Il Palio in Siena
Forget the Running of the Bulls in Pamplona, Spain--that's been taken over by wine-soaked American college boys and drunk Australians getting their kicks Hemmingway-style. Il Palio--probably the shortest horserace in the world--is the real deal. And it's a bare-backed race. Held on the 2nd of July and the 16th of August in Siena, Tuscany, Italy, the race and its pageantry looks the same as it must have 400 years ago, when they stated racing in the smallish main piazza called the Piazza del Campo. Before that, in the 1400s, the horses would scamper through town. When the race moved to the Campo, the small track only had room for 10 of the 17 neighborhoods, or contrade, to race at a time. The confusing arrangement of guaranteed spots and lottery draws keep a different blend of 10 of the 17 racing each time. Actually, it's even more confusing than this sounds: there is room only for 9 horses to line up on the track. The 10th horse lingers behind the lineup and starts the race while running an arc behind the pack. It's very confusing and a nightmare of timing to get all the horses together at the right time. In this race there are no starting gates. The joy of Il Palio is its timelessness. The only souvenirs being hawked are the banners of the 17 contrade. Each contrada has its own banner and its own rival. When all is said and done, one contrada losing is not as painful as that contrada's rival winning it all. Tears flow from the old and the young when this happens. The morning of each Palio starts with a practice run, followed by the blessing of the horses--in the church. It's considered good luck if the horse poops--in the church. The contrade are: Aquila (Eagle), Bruco (Caterpillar), Chiocciola (Snail), Civetta (Owl), Drago (Dragon), Giraffa (Giraffe), Istrice (Porcupine), Leocorno (Unicorn), Lupa (She-Wolf), Nicchio (Shell), Oca (Goose), Onda (Wave), Pantera (Panther), Selva (Forest), Tartuca (Tortoise), Torre (Tower) and Valdimontone (Ram). And the winner this July 2 was...no, not just yet. The entire piazza goes berserk when the race starts. The whole race consists of 3 laps around the rim of the piazza and lasts less than a few minutes. A horse can lose it's rider and still win, as long as the horse still has the Contrada insignia on its head when it crosses the finish line. It only ends when the cannons fire, signaling the 1st, 2nd, and 3rd place crossings, at which point the berserk factor goes way, way up. The winning horse is taken to a nearby church to have its hooves painted gold. Yep, gold. The party goes on all night. How can it not when you are celebrating medieval tradition that is still taken very seriously and the biggest winner is a horse with golden hooves? This year's golden pony was Oca: the goose. Here's to the golden goose. The August Palio is coming up, but I would never recommend that anyone visit Italy in August. Book your rooms early for next year--they're already going fast.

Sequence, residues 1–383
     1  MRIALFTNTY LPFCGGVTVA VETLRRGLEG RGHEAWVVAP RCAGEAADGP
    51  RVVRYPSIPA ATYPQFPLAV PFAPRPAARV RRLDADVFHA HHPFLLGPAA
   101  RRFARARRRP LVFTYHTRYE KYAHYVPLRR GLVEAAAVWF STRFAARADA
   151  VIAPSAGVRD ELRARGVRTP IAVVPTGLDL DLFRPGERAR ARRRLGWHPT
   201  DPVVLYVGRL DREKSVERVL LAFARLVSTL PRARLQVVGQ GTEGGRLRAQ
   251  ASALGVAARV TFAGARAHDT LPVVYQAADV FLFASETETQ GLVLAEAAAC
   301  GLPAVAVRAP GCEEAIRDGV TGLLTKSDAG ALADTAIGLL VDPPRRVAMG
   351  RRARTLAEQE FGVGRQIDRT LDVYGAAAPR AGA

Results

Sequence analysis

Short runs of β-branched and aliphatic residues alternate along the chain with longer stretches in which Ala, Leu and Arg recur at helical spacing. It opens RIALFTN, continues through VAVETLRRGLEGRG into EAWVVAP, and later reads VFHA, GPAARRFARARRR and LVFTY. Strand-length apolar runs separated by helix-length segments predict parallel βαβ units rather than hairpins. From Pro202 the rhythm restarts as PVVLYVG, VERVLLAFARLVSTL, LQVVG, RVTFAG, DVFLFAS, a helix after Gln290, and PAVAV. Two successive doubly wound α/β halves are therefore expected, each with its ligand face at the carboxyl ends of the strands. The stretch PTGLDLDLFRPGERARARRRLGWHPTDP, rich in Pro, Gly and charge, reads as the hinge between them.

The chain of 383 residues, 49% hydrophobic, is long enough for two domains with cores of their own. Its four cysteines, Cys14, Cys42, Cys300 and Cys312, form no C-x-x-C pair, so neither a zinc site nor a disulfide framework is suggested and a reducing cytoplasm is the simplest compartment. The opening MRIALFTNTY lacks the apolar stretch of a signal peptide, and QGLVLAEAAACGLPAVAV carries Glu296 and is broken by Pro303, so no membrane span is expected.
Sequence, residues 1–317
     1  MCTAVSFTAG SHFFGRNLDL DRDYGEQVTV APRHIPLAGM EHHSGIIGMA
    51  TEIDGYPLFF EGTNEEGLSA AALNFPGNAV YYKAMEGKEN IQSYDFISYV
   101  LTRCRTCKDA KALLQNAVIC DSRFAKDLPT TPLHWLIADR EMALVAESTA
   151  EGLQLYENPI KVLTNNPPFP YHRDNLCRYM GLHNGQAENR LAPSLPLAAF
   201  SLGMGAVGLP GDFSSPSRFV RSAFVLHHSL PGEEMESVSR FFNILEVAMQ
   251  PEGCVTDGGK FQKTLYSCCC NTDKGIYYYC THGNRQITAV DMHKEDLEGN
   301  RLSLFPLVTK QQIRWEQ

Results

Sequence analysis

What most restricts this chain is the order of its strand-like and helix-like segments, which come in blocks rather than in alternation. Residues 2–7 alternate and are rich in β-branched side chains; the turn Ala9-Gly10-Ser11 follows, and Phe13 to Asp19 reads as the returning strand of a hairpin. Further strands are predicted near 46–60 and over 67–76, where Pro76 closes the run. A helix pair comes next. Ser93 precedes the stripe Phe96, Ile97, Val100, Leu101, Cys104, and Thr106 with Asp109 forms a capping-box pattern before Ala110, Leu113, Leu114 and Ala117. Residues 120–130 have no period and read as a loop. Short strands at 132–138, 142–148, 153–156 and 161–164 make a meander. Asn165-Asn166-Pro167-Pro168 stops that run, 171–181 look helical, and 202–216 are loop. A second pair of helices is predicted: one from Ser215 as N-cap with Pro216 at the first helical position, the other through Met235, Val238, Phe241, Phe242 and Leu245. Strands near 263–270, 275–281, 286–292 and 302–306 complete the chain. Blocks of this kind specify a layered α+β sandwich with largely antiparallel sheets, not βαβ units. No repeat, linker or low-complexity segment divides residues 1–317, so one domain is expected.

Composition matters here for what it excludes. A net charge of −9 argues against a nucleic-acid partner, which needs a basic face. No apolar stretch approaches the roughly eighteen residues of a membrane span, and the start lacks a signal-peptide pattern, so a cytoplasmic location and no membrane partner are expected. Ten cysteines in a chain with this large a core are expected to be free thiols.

Tags: Il Palio , Siena , Tuscany , Italy
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